Members of the Bloc Quebecois said it was “unacceptable” that a “large contingent” of MPs from the Liberal Party went to Montreal to demonstrate against Bill 96 on Saturday.
“As a provocation in Quebec’s jurisdiction, we can’t imagine anything worse than that,” said Bloc Québécois House Leader Alain Therrien at a press scrum in the foyer of the House of Commons on Monday.
By their very presence, Liberal MPs sent the message that “there is no problem with French in Quebec, [that] the protection of French is perhaps even exaggerated,” he said.
“Don’t get involved in this,” Therrien added.
The National Assembly is expected to pass Bill 96 by the end of the parliamentary session. It aims to impose tighter language restrictions on workplaces and municipalities by limiting the use of English in courts and public services and strengthening the search and seizure powers of the Office de la langue française, among other measures.
It also introduces an enrollment cap for English-language CEGEPs, and students will be required to take more courses in French.
According to the Bloc, the presence of Liberal MPs at the demonstration is further proof that the Trudeau government is talking out of both sides of its mouth, saying it’s in favor of defending French in Quebec, while its MPs also take part in a demonstration that goes “clearly in a direction of the pure and simple anglicization of Quebec,” the party said.
For the Conservative vice-chair of the Standing Committee on Official Languages, Joël Godin, the Liberals “are in dissent and are not being consistent.”
Intercepted as he entered Parliament, Mount Royal MP Anthony Housefather, who took part in the demonstration, said that “we are all here to promote French across Canada.”
But, he said, “the English-speaking minority is not responsible for threats to French… the English-speaking minority in Quebec also has the right to have its historical rights respected.”
NOT UNANIMOUS CONSENT
In response to the protest attendance, the Bloc introduced a motion Monday asking the House of Commons to “reiterate that Quebec is the sole architect of its language policy” and to ask the federal government not to impede or restrict the application of Quebec’s Charter of the French Language in any way.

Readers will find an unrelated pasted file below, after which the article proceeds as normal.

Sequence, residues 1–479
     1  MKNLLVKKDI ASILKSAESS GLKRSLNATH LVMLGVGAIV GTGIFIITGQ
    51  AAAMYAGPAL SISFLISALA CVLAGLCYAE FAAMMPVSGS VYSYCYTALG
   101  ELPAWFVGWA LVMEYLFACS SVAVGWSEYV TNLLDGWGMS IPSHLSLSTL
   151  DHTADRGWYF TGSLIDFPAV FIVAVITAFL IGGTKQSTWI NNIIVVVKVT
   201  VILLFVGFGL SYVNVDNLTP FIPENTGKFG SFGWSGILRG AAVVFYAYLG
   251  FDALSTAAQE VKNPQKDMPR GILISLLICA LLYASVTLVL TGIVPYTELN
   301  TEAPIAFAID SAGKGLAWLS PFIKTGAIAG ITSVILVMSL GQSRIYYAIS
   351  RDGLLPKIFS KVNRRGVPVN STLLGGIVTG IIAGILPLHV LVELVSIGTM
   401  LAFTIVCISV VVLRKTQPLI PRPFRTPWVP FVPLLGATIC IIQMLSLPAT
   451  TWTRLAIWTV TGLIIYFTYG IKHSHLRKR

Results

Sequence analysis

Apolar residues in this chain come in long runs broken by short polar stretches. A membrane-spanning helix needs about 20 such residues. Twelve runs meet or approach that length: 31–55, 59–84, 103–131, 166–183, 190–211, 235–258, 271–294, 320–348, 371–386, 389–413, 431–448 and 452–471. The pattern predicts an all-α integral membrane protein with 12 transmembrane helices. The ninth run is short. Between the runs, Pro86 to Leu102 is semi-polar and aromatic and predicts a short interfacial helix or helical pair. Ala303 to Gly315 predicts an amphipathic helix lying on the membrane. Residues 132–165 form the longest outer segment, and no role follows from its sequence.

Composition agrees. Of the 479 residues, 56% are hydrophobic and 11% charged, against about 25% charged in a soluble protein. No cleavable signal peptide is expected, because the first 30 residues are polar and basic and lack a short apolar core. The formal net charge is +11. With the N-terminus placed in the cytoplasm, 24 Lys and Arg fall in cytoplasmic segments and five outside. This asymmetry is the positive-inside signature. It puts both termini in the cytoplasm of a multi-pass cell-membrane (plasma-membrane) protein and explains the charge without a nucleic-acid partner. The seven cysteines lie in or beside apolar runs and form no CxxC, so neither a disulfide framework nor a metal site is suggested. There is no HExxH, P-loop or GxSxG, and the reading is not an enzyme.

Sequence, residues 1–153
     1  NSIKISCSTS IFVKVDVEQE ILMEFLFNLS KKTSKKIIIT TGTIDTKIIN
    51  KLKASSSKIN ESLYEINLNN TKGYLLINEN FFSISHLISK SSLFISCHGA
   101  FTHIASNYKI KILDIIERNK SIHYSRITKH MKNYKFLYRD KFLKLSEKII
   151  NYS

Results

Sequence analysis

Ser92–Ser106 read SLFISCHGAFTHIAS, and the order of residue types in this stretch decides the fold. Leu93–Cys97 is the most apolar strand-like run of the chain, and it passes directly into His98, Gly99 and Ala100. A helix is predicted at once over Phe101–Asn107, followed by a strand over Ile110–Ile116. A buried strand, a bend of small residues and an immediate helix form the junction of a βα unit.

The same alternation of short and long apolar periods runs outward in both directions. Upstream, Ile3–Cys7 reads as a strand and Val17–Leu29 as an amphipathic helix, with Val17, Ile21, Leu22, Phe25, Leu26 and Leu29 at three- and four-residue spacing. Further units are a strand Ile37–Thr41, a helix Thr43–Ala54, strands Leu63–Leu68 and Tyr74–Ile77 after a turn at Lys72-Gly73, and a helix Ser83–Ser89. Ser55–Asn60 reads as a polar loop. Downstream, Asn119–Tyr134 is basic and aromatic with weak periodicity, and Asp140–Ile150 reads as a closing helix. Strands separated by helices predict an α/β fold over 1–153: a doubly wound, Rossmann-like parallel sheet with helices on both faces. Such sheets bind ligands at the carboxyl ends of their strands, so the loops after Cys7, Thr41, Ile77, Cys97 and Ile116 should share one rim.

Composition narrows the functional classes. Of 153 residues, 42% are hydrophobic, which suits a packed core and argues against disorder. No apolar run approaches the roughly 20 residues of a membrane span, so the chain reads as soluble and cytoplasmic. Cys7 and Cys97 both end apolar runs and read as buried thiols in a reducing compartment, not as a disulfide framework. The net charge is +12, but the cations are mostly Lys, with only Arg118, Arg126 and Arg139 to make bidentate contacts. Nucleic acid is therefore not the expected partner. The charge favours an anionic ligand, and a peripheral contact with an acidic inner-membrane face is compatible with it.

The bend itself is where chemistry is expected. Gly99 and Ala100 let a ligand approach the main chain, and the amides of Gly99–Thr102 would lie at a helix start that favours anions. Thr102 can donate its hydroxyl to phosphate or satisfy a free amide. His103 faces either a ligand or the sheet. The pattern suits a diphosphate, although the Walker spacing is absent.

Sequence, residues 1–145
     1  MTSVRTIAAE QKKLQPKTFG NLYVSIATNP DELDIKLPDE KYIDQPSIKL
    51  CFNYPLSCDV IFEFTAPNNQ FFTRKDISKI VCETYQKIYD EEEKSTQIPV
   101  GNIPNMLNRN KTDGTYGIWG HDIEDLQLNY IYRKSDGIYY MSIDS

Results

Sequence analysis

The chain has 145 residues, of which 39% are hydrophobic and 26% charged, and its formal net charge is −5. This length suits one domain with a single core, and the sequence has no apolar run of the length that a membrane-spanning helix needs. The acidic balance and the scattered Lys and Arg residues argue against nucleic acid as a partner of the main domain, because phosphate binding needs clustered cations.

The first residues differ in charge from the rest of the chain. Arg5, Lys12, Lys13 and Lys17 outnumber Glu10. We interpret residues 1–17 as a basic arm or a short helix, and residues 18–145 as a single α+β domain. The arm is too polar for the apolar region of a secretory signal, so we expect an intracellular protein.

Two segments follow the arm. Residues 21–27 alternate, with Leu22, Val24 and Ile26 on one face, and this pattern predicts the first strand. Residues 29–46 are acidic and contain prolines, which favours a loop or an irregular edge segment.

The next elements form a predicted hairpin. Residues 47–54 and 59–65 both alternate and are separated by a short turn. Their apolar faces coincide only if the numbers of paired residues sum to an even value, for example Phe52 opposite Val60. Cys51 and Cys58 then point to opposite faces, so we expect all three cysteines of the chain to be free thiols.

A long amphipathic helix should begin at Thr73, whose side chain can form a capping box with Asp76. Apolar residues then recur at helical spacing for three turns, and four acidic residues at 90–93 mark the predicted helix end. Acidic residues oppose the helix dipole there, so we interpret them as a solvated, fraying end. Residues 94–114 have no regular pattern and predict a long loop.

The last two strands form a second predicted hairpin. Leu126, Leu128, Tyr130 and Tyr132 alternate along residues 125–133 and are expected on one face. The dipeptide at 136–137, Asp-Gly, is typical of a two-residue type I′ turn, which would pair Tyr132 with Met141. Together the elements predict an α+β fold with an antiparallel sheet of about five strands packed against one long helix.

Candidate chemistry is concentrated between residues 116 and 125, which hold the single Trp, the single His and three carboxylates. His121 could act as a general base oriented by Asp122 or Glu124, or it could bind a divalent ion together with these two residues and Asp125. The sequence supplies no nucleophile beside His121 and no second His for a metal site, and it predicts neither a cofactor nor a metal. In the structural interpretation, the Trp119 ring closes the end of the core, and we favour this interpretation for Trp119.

The MP for Longueuil–Saint-Hubert, Denis Trudel, claimed that there had been consultation among the political parties and that the Speaker would find there would be “unanimous consent” for the motion in the House.
But a few seconds after he spoke, the vice-president of the Chamber stood and interrupted him.
“I can already hear the ‘no’s,” said Chris d’Entremont. “So the consultation is not finished.”
The tone got heated during the meeting as MPs argued whether they had obtained unanimous consent.
“There is abuse of unanimous consent motions in this House of Commons,” said d’Entremont, who was warmly applauded.
“I implore every member of this House to use statements by members to make their point rather than using unanimous consent motions as they are being used now… I hope they are used for what they are intended: to get the unanimous consent of this House.”
Bloc members also have a problem with Bill C-13, which would modernize the Official Languages Act and allow employees and customers of federally regulated businesses to choose the language in which they wish to work or be served.
But Ottawa is “encroaching” on the province’s jurisdiction, while French is “no laughing matter” in Quebec, said Therrien.
“The language is in danger. It is absolutely necessary that we protect it and that we let the Quebec government work in that sense,” he said.
Therrien again suggested that everyone “mind your own business.”
This report by The Canadian Press was first published in French on May 16, 2022.